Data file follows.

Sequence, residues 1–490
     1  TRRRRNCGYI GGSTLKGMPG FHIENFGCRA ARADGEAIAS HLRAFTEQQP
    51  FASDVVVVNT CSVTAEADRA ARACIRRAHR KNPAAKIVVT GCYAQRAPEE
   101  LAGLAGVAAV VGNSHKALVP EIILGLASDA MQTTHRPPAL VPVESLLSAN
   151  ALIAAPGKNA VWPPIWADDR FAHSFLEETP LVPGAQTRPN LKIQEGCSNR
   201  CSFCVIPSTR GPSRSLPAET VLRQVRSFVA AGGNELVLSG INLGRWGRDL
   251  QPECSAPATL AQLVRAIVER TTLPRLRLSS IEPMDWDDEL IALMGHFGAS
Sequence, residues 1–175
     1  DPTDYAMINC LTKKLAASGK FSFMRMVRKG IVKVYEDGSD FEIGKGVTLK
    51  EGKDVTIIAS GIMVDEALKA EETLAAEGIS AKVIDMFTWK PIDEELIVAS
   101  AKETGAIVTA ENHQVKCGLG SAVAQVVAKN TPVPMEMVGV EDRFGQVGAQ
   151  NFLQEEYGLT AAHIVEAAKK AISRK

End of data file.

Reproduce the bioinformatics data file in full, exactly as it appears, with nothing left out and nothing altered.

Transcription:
Sequence, residues 1–490
     1  TRRRRNCGYI GGSTLKGMPG FHIENFGCRA ARADGEAIAS HLRAFTEQQP
    51  FASDVVVVNT CSVTAEADRA ARACIRRAHR KNPAAKIVVT GCYAQRAPEE
   101  LAGLAGVAAV VGNSHKALVP EIILGLASDA MQTTHRPPAL VPVESLLSAN
   151  ALIAAPGKNA VWPPIWADDR FAHSFLEETP LVPGAQTRPN LKIQEGCSNR
   201  CSFCVIPSTR GPSRSLPAET VLRQVRSFVA AGGNELVLSG INLGRWGRDL
   251  QPECSAPATL AQLVRAIVER TTLPRLRLSS IEPMDWDDEL IALMGHFGAS
Sequence, residues 1–175
     1  DPTDYAMINC LTKKLAASGK FSFMRMVRKG IVKVYEDGSD FEIGKGVTLK
    51  EGKDVTIIAS GIMVDEALKA EETLAAEGIS AKVIDMFTWK PIDEELIVAS
   101  AKETGAIVTA ENHQVKCGLG SAVAQVVAKN TPVPMEMVGV EDRFGQVGAQ
   151  NFLQEEYGLT AAHIVEAAKK AISRK